As a gamer of advancing years, I’m old enough to remember the Renault Clio ads that seemed to play everywhere on the TV in my younger days. With very involving dialogue, an aging Lothario father whose only line was “Nicole?” and a flighty French girl whose only line was “Papa?”, these adverts were classics of their time. Nicole, the video “game” has nothing to do with these adverts though, being a dating sim coming from Ratalaika Games. Taking the form of a visual novel on Xbox One, is it worth a try?
When I saw this Nicole pop up, it immediately reminded me of two previous Ratalaika visual novels I have played – Syrup and the Ultimate Sweet and Jisei: The First Case HD. It has to be said that I really enjoyed playing through both those titles, being a fan of the way they played, the branching dialogue and the multiple endings. My hopes were high going into Nicole. It is billed as a dating simulator, where you take the part of the titular Nicole, a young girl going to college. Nicole has managed to get into her first choice of school, and as such is very excited to move into her dorms and experience college life in all its infinite variety. Of course, it’s not all going to be plain sailing: as soon as Nicole gets settled in, she learns that there has been a series of disappearances on the campus. There have been three girls go missing in the recent past, and if Nicole isn’t careful, she could be next.
Now, the dating simulator part of things comes into the visual novel as we follow Nicole on her day to day routine. There are four boys that Nicole can build a relationship with: Ted, Darren, Kurt and Jeff. Of course, one of these guys could be the kidnapper, but that just adds to the spice of the game. As you talk to each boy, the answers that you give to the conversational gambits of the four guys can make them like you more, and building a relationship seems to be the point here. As the game goes on, you can also buy each of the male characters presents that will raise the amount that they like you – assuming you give them the right item, of course.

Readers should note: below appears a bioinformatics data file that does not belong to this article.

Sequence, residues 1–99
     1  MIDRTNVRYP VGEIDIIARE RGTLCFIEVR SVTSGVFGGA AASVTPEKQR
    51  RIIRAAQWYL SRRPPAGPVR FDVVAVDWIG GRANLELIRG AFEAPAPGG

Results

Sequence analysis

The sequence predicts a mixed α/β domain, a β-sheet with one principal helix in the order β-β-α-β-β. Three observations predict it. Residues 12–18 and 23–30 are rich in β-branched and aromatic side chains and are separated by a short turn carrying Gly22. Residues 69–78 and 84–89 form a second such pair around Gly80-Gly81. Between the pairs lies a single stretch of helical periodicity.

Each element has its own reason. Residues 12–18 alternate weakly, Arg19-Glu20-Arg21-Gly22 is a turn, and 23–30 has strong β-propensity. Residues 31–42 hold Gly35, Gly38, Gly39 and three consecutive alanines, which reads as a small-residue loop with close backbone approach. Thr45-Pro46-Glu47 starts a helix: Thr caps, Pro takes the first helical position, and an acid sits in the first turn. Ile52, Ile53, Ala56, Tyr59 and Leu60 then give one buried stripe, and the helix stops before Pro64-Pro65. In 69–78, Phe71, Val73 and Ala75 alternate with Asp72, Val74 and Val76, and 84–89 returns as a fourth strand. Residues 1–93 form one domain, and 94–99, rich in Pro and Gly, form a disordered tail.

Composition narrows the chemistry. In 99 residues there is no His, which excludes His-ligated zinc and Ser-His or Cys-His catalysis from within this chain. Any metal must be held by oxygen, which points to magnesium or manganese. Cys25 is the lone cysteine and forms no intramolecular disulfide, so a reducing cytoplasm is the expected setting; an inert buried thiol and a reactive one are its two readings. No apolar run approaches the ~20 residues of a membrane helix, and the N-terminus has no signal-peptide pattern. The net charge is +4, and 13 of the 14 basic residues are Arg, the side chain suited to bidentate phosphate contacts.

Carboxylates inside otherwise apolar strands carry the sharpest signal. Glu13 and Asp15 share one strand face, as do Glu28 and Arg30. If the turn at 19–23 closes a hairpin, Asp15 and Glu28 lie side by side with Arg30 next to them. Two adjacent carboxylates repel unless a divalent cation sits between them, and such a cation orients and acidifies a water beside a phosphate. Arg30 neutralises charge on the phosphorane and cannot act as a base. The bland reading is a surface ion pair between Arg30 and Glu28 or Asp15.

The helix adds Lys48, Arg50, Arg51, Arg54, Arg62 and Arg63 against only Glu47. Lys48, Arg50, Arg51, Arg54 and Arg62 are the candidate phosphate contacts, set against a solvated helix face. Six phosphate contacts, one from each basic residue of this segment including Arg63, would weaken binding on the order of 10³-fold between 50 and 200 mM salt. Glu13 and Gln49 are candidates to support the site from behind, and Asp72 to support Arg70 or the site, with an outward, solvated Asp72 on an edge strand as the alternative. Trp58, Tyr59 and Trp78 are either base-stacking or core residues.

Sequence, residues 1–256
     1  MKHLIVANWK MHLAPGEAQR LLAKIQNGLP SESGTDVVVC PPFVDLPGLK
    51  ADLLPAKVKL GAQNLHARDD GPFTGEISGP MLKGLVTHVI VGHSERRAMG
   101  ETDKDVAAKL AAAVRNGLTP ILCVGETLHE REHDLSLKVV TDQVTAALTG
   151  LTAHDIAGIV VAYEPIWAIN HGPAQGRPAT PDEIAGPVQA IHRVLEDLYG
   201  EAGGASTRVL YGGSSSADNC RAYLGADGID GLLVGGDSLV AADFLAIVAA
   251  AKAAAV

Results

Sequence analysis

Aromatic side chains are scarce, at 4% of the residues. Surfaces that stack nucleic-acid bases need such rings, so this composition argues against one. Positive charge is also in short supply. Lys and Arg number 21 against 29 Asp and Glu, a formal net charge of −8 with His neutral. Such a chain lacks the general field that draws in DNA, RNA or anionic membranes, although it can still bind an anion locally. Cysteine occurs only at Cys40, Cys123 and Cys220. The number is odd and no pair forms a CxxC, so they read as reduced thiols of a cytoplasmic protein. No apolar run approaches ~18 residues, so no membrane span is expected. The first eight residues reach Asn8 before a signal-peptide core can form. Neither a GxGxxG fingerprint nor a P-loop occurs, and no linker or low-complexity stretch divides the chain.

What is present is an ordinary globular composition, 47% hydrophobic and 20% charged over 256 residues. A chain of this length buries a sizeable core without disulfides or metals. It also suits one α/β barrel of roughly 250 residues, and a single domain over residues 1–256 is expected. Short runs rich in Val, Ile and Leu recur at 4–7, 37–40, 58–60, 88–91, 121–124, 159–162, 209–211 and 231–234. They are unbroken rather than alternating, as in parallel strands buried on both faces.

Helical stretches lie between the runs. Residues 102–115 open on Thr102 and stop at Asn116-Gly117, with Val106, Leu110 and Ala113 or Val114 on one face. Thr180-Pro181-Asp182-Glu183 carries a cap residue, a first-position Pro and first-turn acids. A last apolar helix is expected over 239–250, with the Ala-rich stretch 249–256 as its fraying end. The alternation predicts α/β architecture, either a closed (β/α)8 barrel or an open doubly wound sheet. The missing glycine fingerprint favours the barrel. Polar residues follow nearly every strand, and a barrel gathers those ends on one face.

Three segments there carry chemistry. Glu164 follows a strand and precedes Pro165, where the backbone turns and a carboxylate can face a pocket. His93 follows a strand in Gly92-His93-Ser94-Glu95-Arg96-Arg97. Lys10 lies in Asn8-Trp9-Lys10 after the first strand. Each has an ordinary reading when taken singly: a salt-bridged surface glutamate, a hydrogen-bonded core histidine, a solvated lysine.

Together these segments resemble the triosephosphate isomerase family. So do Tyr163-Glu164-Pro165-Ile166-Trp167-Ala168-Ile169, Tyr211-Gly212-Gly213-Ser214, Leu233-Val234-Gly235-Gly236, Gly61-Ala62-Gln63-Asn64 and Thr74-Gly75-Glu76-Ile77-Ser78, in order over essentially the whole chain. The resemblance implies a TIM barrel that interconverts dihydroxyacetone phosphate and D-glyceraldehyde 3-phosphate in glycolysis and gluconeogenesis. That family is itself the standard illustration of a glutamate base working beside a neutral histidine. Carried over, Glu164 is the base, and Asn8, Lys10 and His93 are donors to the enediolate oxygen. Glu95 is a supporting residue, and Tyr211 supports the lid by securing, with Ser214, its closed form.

Luckily, the life of a college student isn’t only about flirting with a succession of young men. Nicole also has to attend classes, go to places like the gym and the cinema, and even get a part time job to make ends meet. Some activities that Nicole can engage in require money, and so going to work means that you could go drinking or have a nice meal in a restaurant, for instance. Also, some locations allow you to either observe people or gather clues as to who may be the kidnapper, so this is always a valid way to spend time. At the end of each day, you will be given a breakdown of what you have achieved in the day, with scores given for clues, diligence and so on. Each action takes energy and morale, and the option for sleeping in your room or taking a bubble bath will raise your energy and morale, so don’t let them get too low. Basically, in this game you are a teenage girl, and I have to say that I’m glad I don’t live in Nicole’s world.
Now, there is a great deal of replayability built into this game, with multiple endings to unlock. Each boy has an ending associated with him, and it’s entirely possible to raise your relationship with each chap and get a different ending as well. However, I’m struggling to find the will to try and unlock too many of these endings, if I’m brutally honest.
The issue I have with Nicole is that it is tedious, boring, uninspiring, and – well, you catch my drift. Being a college girl must be the dullest existence it is possible to live. Without a world of a lie, by around day 45, I was willing whichever guy she was currently having a dreadful, stilted conversation with to say “Hey, I’m the baddie, surprise!” and kidnap her just so I didn’t have to read another turgid scene.
It may seem like I didn’t like this game from the previous few sentences, and that’s for a very good reason: it’s awful. There’s no flow to the conversations, the guys you date are two dimensional at best, Nicole is so annoying I hoped she would come a cropper, and the game commits the worst crime it’s possible for a game to commit: deliver dullness. I don’t want to go to class, to go to extra classes, to go to virtual work; this is more like real life than an escape from real life.
So, all in all, I’m not a fan of Nicole on Xbox One, either the game or the heroine. The gameplay is dull, the hook of trying to get these boys to like you is boring at best and annoying at worst, the characters don’t ever come alive, and it’s generally not as much fun as other visual novels I’ve played, even others from the Ratalaika stable. My honest recommendation would be to play Jisei instead, as that, with just four locations, does much more than Nicole manages with three times that amount. Being an American teenage college girl is not as much fun as Buffy would have us believe.